In the mid 1970s the Chatham Island black robin was the world's rarest bird. With only two females left, the conservation ante was extreme. Enter saviour Don Merton and his Wildlife Service team. Their pioneering efforts ranged from abseiling the birds (including the talismanic Eve of her species, 'Old Blue') down cliff faces, to left-field libido spurs. This 1988 Listener Film & TV award-winner united two earlier Wild South docos and updated the robin’s rescue story to 1987. It originally screened on Christmas Day 1987; and was reversioned for this 1989 edition.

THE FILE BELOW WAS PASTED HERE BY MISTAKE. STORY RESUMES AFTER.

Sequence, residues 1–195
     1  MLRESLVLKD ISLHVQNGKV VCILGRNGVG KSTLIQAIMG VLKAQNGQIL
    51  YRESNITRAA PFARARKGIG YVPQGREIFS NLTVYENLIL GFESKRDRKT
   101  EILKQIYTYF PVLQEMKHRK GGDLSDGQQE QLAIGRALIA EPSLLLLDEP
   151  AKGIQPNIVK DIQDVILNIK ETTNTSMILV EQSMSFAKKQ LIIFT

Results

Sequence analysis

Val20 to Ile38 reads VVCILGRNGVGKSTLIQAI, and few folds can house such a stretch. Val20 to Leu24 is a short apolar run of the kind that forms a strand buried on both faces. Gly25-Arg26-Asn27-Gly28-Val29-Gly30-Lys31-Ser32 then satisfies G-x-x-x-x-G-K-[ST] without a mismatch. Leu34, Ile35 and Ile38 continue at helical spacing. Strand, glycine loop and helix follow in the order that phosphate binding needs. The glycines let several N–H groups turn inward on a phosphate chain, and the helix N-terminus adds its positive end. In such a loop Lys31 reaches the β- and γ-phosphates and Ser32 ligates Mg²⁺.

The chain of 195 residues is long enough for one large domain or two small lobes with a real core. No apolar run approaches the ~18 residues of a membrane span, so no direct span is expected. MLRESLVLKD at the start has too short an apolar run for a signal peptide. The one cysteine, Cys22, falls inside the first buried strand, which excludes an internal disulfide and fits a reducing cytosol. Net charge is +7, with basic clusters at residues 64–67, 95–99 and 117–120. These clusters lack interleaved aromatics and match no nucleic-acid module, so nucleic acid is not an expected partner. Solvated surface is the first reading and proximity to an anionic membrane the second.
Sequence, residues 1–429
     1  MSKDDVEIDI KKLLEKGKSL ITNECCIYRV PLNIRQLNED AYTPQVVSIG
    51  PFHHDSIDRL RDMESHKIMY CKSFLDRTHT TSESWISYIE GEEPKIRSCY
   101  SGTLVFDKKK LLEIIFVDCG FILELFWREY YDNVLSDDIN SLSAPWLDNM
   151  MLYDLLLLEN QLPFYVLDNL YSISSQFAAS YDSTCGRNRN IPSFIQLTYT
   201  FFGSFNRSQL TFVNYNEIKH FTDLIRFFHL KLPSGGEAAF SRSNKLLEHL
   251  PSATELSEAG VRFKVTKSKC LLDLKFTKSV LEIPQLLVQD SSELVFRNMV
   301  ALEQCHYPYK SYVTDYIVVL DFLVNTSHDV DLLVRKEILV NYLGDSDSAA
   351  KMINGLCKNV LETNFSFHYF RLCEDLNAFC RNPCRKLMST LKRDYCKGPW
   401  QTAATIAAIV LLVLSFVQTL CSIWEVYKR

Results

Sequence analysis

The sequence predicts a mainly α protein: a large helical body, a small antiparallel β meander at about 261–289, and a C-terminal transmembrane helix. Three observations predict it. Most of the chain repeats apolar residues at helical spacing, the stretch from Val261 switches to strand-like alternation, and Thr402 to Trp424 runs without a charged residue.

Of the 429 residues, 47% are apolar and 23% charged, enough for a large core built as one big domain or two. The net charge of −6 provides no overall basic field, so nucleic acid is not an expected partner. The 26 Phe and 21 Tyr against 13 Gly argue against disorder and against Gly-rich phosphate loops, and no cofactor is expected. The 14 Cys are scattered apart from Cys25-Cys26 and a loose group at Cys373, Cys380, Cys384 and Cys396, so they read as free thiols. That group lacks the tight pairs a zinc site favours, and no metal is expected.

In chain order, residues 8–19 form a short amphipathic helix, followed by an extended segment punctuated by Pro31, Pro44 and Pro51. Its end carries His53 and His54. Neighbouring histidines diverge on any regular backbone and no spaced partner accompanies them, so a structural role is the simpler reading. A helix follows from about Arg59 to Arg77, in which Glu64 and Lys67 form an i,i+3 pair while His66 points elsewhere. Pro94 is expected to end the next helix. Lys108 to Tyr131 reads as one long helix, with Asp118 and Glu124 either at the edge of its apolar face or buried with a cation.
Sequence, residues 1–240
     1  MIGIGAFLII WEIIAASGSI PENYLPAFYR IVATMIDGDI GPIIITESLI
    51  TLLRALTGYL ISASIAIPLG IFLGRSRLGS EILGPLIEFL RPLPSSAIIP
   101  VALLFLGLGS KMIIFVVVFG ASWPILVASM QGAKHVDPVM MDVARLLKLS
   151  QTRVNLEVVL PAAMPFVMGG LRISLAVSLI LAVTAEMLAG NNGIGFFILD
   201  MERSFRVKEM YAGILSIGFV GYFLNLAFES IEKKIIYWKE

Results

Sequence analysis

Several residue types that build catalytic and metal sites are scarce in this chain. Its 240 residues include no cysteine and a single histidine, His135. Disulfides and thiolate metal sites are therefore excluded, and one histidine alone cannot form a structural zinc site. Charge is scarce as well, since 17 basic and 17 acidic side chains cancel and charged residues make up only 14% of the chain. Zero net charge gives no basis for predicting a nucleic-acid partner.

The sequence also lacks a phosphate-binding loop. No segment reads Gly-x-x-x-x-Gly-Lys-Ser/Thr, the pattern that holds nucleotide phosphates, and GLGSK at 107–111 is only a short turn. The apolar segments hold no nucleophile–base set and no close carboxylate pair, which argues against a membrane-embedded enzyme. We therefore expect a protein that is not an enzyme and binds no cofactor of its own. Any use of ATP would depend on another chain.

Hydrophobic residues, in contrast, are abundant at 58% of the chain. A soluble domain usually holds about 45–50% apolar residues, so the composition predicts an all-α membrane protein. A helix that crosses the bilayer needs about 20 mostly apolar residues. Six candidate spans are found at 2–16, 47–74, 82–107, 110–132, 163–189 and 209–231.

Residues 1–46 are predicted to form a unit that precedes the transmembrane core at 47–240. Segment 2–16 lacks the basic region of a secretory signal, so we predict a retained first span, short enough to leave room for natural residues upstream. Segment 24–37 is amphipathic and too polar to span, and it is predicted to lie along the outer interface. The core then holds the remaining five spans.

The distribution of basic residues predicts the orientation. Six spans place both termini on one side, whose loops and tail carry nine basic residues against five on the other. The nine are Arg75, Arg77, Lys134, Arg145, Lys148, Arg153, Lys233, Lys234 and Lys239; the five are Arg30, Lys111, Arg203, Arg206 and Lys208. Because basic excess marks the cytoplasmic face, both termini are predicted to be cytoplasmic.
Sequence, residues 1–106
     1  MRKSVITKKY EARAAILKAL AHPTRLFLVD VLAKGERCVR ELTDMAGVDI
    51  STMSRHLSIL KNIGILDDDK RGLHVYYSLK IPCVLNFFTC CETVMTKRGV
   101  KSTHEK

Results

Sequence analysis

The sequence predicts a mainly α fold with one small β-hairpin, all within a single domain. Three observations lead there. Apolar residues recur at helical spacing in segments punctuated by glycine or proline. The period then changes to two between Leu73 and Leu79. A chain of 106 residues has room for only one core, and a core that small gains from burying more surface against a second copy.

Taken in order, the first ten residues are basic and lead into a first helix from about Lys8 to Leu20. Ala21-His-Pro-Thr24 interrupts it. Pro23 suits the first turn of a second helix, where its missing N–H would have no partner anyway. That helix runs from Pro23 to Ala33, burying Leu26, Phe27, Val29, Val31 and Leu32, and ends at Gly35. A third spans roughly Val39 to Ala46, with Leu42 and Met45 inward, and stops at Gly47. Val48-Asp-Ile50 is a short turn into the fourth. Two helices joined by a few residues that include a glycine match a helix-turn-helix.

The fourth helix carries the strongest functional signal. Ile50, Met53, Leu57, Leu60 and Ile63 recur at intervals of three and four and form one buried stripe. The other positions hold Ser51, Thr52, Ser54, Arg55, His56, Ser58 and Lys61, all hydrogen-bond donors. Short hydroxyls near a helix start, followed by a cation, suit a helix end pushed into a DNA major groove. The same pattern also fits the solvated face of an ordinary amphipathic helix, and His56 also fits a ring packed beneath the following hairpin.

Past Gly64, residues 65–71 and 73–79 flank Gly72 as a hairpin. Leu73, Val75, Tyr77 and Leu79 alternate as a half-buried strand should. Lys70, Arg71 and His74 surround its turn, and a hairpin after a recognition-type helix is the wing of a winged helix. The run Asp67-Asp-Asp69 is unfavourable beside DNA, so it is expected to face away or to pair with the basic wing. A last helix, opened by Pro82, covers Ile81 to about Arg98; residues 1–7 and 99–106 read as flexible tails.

I remember the nerves that came over them once they realised that they had that real black robin in their hands. Those guys changed, knowing what they were entrusted with and what was ahead of them. I recall Dick Veitch. Once they had that box with the bird in it, and secured it on his pack, he was just a different person. It was the awesome responsibility of getting that precious bird down that cliff and across.– Cameraman Paul Donovan, in Wild South: Saving New Zealand’s Endangered Birds, by Rod Morris and Hal Smith, 1988
Available to purchase on DVD from Natural History New Zealand